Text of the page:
I will start today's lesson with a storytelling routine. I will write the equation 10-8= on the board (Warm Up Problems.png).
"I would like you to look at the equation that I have written on the board. I want you to think of a story that would match this equation. Once you have one, I will ask people to share ether ideas and then we will look at different ways to solve each story."
After we do the 10-8=2 equation, I then write the 10-2=__ and repeat the process. I want to see if anyone sees the connection between the two equations and uses the information front he first to easily solve the second. In other words, some kids will use known facts but I want to make sure they can see the relationship connection between the to problems.
"We are going to revisit the Number Tape Activity that we did earlier in the year. I know a lot of you enjoyed this activity and I wanted to bring it back. Remember, you will start with one number and then continue to fill in the next number in the sequence. You will be writing the numbers vertically. After you fill your strip up, you should check in with me so that I can look at your work.."
I will not make each student start at 1. I will choose a starting number for each child based on their needs. One student will be asked to start at 11 because she has reverted back to reversing her teen numbers. the majority will start around 90, so that I can see the century transition. Two of my students will start at 990. This way I can see who they are progressing with writing 4 digit numbers and the transition from 999 to 1,000.
The CCS expect that students can count to 120, starting at any number less than 120 and in this range, read and write numerals and represent a number of objects with a written numeral (CCSS.MATH.CONTENT.1.NBT.A.1). This activity supports students with their counting within, and in some cases beyond, this range.
The students can choose between three different activities today.
1. Number Tapes: This activity was just explained in the previous section of this lesson.
2. Adding it Up: For a full explanation of this activity and the materials needed, click on the link. This activity asks students to make use of the structure of the number grid. They are making use of the vertical pattern of the tens column and the repeated number of the ones row (in the vertical alignment) (CCSS.MATH.PRACTICE.MP7).
3. Cover Up: For a full explanation of this activity and the materials needed, click on the link. In this situation, the students are applying the math that they know to solve addition situations (CCSS.MATH.PRACTICE.MP4).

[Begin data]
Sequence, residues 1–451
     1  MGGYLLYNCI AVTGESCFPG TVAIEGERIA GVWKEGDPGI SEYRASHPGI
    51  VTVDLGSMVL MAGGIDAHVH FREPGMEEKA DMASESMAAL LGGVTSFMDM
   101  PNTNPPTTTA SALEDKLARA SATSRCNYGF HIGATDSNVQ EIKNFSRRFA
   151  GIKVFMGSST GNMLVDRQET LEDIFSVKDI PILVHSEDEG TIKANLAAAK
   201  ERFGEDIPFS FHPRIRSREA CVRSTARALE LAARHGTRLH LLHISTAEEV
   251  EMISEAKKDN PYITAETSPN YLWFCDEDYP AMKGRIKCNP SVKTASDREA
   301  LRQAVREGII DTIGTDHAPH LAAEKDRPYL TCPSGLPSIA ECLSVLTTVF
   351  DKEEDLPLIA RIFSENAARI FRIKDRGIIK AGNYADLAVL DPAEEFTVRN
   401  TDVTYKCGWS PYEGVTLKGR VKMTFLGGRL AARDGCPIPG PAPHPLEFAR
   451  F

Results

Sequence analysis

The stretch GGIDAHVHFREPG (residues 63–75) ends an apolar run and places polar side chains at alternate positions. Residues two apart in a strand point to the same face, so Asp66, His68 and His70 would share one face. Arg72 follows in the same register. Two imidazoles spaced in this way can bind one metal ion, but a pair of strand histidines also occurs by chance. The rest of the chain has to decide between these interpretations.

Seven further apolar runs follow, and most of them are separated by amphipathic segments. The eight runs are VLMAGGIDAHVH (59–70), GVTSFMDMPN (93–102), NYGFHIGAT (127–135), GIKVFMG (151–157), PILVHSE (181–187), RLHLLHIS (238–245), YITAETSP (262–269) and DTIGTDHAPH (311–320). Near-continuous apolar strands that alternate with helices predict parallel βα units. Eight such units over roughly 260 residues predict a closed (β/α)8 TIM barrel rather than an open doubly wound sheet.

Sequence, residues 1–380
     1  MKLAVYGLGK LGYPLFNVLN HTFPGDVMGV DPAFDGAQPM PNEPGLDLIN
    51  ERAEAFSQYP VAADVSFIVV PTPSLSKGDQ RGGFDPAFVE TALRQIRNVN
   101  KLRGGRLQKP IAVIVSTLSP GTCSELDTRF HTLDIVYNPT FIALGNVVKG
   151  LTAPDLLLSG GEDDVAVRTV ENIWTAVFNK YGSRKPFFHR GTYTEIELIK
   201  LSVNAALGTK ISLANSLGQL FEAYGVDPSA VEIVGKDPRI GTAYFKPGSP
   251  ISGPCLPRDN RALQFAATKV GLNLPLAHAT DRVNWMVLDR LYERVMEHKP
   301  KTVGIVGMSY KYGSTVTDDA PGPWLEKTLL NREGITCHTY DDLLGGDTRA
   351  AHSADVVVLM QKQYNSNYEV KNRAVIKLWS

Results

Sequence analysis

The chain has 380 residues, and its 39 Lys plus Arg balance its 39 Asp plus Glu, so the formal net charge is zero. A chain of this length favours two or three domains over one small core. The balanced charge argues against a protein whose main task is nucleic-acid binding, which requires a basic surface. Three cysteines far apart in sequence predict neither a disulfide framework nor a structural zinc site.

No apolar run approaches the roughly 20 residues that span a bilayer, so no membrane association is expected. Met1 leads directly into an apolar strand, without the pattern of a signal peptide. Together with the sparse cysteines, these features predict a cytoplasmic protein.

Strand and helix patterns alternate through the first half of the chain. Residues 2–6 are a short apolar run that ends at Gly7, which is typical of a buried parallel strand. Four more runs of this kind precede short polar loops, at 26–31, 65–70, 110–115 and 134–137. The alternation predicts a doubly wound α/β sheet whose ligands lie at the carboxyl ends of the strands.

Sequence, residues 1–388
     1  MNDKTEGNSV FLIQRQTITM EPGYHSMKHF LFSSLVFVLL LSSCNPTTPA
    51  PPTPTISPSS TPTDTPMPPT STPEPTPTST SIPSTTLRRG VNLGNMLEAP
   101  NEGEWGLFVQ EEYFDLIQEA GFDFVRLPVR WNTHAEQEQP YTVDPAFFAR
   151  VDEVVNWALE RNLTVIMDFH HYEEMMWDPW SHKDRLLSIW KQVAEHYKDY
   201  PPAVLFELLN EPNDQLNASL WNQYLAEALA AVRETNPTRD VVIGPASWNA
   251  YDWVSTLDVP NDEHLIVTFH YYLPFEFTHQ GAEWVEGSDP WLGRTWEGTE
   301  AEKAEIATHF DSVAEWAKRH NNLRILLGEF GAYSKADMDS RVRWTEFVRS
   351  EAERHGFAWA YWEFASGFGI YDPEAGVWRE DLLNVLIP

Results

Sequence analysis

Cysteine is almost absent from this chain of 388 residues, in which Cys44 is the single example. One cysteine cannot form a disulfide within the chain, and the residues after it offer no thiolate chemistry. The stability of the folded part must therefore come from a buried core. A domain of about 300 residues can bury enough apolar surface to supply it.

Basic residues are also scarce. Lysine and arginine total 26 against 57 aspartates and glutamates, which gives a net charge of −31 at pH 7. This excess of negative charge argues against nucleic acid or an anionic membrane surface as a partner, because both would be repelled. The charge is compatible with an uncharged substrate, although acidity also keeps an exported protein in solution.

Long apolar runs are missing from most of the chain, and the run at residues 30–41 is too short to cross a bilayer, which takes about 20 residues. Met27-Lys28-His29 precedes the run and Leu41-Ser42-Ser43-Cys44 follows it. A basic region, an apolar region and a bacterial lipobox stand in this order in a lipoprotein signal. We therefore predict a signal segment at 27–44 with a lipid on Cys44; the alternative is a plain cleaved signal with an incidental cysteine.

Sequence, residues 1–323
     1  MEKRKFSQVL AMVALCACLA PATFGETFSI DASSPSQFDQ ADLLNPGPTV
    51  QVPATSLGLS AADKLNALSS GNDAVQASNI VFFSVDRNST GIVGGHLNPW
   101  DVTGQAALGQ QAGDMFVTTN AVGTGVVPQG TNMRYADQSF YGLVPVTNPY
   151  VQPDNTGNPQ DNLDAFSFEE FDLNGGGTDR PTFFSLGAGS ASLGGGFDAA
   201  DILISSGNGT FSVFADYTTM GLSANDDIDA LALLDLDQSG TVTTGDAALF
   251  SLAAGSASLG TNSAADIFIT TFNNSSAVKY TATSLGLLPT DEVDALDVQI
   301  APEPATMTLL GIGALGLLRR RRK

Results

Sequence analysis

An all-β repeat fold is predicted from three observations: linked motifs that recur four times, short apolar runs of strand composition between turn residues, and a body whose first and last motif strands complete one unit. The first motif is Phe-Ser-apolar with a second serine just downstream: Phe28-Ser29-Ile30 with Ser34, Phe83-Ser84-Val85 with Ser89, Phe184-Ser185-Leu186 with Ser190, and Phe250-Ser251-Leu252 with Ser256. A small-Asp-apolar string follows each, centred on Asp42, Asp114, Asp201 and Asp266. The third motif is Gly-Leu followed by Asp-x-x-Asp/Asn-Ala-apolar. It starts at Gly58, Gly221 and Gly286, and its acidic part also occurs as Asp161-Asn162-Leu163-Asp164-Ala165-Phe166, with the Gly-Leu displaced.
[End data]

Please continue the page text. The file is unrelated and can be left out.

*Note: Students can spend some time with the number tapes and then take a break and work on another activity. Students really enjoy the Number Tape activity and will want to spend a lot of time on this. You may need to encourage them to get to at least two of the activities during the station time.
Advanced Preparation: You will need to make a chart or a visual representation of the tapes that are in Looking At Tapes.
The goal of this conversation os to make sure that students are looking at the numbers on the tape. In general, students will quickly see a tape and just start counting on. I wan to focus on the idea of checking the tape and noticing if the numbers are counting up or counting down.
"Lets look at the first tape. What do you notice about the first three numbers? What would the fourth number be? How do you know?"
I continue this discussion for the rest of this tape and for the other two tapes.
I will ask the students to meet me on the carpet and hand out their sheet for today's Mad Minute exercise. This routine was introduced in a previous lesson. Please check out the link to get a full overview of this routine.
I want to really focus on fact fluency and build upon the students ability to solve within ten fluently (CCSS.MATH.CONTENT.1.OA.C.6). I am going to use the Mad Minute Routine. This is a very "old school" routine, but I truly feel students need practice in performing task for fluency in a timed fashion. Students need to obtain fact fluency in order to have success with multiplicative reasoning. Students who don't gain this addition fact fluency by the end of 2nd grade tend to struggle with the multiplicative reasoning in third. Having this fluency also allows them to work on more complex tasks because the have the fact recall to focus on the higher level concepts.